Bringing the Economy Home

Why Urban Renewal Faces Resistance In Idaho

Molly Messick / StateImpact Idaho

Melinda Anderson shows off what will be a new downtown headquarters for dairy manufacturer Glanbia. It's a project aided by Twin Falls' urban renewal agency.

Urban renewal districts allow communities to leverage property tax dollars to support local economic development. There are more than 60 of them in Idaho. But this legislative session has brought fresh signs that, in some corners, urban renewal isn’t exactly popular – even as it supports the state’s most touted new company.

Melinda Anderson has worked in economic development for twenty years, focusing on small communities.That brought her to Twin Falls, and gave her the chance to work on the biggest economic development deal she’s ever been a part of.

Last week, she took me for a drive. “You see those tall silos and that tall building?” she exclaimed as we approached the plant. “That’s Chobani!  Just from a physical standpoint, it’s just massive!”

We got out of the car to look at the oblong white building that’s a new feature of Twin Falls’ north side. Clearly, Anderson is excited. You’d be hard-pressed to find a local or state official who’s not. The Greek yogurt plant employs hundreds of workers. It buys milk from local dairies. Anderson says it’s a testament to the importance of urban renewal.

“It was able to pay for all of the new infrastructure, mostly water and wastewater improvements, that needed to be made,” Anderson explained. “So that’s the big role that urban renewal played in this process.”

Basically, the urban renewal process generated $30 million dollars. That’s two thirds of the total incentives – federal, state and local – that helped convince Chobani to choose Twin Falls, Idaho.  Without that money, Anderson says, this behemoth yogurt plant wouldn’t be where it is.

“They would have absolutely gone someplace else,” she says. “We would not have that investment here in Twin Falls.”

How does urban renewal funding work? Say a city council wants to achieve something, like job growth, or downtown revitalization. It forms an urban renewal agency. With the city council’s approval, that agency has the authority to draw a line around a section of the city to create an urban renewal district. For the next 20 years, any taxes on increased property value in that district can go to the urban renewal agency. In Twin Falls, the agency leveraged those future tax dollars to secure a bond. And that’s how they made infrastructure improvements Chobani needed.

It’s a process that draws pithy criticism from Randal O’Toole, a senior fellow with the libertarian Cato Institute. “It’s portrayed as free money,” he says. “Nobody loses, everybody gains. And it’s not true!”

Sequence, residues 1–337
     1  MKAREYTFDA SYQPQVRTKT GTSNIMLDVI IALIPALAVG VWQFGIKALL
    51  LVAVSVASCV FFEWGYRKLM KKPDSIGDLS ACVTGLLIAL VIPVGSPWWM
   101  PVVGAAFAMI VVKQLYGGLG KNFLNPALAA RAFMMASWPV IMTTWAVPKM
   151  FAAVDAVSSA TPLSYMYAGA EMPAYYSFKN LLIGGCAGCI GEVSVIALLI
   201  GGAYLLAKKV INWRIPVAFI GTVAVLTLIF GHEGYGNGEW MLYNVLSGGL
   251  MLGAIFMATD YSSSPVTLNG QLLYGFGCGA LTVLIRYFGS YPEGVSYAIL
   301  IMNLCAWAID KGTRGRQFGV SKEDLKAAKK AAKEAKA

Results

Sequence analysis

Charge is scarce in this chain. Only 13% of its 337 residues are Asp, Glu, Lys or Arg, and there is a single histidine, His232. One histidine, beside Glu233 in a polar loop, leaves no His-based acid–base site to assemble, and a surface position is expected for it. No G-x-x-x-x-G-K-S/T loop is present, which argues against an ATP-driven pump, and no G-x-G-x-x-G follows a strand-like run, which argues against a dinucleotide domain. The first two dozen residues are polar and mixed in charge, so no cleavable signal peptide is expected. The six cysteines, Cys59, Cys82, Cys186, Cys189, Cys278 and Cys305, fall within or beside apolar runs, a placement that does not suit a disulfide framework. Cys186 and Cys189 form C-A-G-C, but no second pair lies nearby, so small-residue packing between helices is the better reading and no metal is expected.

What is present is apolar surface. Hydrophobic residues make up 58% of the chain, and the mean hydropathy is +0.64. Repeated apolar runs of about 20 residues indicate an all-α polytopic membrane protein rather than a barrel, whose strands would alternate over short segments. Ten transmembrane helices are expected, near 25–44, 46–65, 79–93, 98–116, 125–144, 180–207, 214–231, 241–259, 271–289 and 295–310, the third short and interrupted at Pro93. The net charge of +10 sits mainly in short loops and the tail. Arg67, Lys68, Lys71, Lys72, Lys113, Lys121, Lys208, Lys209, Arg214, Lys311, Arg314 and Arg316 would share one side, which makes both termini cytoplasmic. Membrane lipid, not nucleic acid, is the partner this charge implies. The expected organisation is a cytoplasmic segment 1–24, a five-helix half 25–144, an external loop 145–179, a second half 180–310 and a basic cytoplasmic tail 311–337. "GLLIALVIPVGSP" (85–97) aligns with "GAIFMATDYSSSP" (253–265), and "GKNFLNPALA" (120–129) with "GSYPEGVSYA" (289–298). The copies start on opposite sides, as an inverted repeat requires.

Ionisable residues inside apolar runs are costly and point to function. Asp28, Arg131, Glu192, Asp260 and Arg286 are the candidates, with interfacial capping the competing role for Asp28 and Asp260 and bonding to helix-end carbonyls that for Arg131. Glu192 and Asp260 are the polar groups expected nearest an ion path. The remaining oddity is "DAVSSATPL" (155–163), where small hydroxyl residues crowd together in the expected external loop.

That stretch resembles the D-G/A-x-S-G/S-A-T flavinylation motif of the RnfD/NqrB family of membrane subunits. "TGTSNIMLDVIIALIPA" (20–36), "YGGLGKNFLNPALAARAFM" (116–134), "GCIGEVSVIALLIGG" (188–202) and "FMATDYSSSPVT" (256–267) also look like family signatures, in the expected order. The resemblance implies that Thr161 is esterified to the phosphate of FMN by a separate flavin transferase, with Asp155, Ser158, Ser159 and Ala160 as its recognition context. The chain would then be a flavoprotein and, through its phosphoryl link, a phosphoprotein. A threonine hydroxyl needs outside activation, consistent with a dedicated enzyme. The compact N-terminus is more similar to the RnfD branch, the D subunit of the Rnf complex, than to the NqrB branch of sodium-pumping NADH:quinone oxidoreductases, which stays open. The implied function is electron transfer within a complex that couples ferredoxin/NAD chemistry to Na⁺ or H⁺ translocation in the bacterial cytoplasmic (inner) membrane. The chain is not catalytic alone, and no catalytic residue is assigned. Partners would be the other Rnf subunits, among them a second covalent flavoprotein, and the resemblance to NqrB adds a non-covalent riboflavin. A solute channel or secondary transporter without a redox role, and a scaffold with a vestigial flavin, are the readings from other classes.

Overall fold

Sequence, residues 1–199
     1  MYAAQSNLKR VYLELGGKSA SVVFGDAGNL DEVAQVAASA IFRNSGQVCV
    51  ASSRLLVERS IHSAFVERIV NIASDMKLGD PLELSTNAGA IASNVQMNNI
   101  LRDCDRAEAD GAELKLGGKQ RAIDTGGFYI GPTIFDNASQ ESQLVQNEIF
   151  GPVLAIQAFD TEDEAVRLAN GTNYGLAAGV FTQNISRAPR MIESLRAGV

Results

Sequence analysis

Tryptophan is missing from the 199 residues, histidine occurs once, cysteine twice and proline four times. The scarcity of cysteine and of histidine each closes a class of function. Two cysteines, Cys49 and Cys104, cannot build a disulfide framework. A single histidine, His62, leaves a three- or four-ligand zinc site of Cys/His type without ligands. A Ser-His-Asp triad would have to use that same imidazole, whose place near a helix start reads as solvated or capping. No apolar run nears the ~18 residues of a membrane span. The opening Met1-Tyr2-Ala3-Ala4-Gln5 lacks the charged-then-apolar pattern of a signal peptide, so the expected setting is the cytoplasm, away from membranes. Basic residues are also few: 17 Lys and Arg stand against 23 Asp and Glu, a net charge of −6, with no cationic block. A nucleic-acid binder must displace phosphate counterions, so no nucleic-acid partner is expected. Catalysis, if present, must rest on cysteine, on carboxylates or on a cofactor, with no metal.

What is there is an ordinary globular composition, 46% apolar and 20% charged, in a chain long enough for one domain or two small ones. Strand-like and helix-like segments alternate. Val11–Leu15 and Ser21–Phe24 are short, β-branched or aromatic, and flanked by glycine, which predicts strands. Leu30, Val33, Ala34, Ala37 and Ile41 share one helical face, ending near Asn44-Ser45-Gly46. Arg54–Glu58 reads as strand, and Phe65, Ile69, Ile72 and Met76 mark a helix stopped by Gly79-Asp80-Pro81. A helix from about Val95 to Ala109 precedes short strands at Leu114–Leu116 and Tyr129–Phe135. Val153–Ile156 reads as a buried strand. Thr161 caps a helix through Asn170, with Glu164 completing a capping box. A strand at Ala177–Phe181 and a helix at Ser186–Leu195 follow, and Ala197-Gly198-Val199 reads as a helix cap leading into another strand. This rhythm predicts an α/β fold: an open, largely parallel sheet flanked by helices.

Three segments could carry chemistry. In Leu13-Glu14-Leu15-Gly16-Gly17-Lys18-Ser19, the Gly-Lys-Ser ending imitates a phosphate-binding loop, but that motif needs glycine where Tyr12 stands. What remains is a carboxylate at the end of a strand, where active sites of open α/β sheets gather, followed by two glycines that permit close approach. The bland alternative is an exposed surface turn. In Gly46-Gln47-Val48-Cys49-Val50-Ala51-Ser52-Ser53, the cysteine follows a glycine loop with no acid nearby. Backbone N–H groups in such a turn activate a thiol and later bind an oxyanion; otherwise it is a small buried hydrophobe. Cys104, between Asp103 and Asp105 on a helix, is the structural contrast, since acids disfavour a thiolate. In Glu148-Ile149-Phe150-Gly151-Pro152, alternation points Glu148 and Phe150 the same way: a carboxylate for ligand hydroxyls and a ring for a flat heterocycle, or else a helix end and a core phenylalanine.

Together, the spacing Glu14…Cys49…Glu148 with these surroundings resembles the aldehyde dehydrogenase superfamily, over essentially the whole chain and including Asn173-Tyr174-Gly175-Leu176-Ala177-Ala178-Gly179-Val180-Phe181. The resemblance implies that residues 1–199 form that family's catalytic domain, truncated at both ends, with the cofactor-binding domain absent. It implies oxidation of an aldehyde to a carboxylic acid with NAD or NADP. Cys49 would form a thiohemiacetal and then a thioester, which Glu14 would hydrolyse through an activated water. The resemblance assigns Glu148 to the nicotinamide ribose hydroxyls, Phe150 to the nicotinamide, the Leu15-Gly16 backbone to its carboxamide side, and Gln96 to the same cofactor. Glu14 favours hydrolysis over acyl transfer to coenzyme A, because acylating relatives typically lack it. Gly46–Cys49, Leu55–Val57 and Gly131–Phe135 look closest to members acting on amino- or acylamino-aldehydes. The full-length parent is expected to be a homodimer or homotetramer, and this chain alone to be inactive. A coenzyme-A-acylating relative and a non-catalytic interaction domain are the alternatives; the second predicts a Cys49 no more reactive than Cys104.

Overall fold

O’Toole points to the example of California, which did away with urban renewal districts in 2011.  He alleges that urban renewal agencies siphon off tax dollars that would otherwise go to schools and other local services. He says communities are offering up precious local dollars unnecessarily.

“If cities weren’t engaging in this kind of bribery to get corporations to move to their cities, where would the plant have located?” he asks. “It probably would have located exactly where it did anyway.”

O’Toole authored an Idaho Freedom Foundation report that calls for getting rid of urban renewal agencies in the state. Last year, a legislative committee printed a bill to do just that. This session has seen more signs of opposition. A draft personal property tax bill singled out urban renewal districts by giving them no replacement funding.

Boise attorney Ryan Armbruster says that would be a mistake. “The ability to implement tax increment financing is the only local economic development tool that’s available,” he explains.

Armbruster works with urban renewal agencies. He says urban renewal funds are key because they give communities a way to improve downtown infrastructure, or meet the needs of a particular business, like Chobani. But he acknowledges the resistance the agencies face.

“I think the pushback at some levels has centered on the fact that these folks are not elected by the public,” he says. “Does that create an issue? Are there monies being spent that shouldn’t be spent? I think that’s, you know, a fairly philosophical question to ask.”

It’s a philosophical question because it gets back to something the Cato Institute’s Randal O’Toole said — that if no communities offered urban renewal funds, companies would be left to choose the locations that serve them best. Future tax dollars wouldn’t be sacrificed in the name of economic development.

Susie Davidson of the Idaho Department of Commerce says that’s a fine idea, in theory.

“Theoretically, it would be great if everyone said, ‘Okay, starting tomorrow no one would offer incentives.’ But who would be the first to do that?” she asks.

Davidson is the department’s business attraction manager. Like it or not, she says, economic development is competitive. The fact is that businesses – she calls them customers – have the upper hand.

“The customer has all the cards,” she says. “They know what their cost structure is and what they need to do to be profitable and to decide to establish a site. Then we have the opportunity to play the cards that we have.”

It’s not ideal. But not participating in that system could have costs, too. Costs like that gleaming new yogurt plant on the outskirts of Twin Falls.


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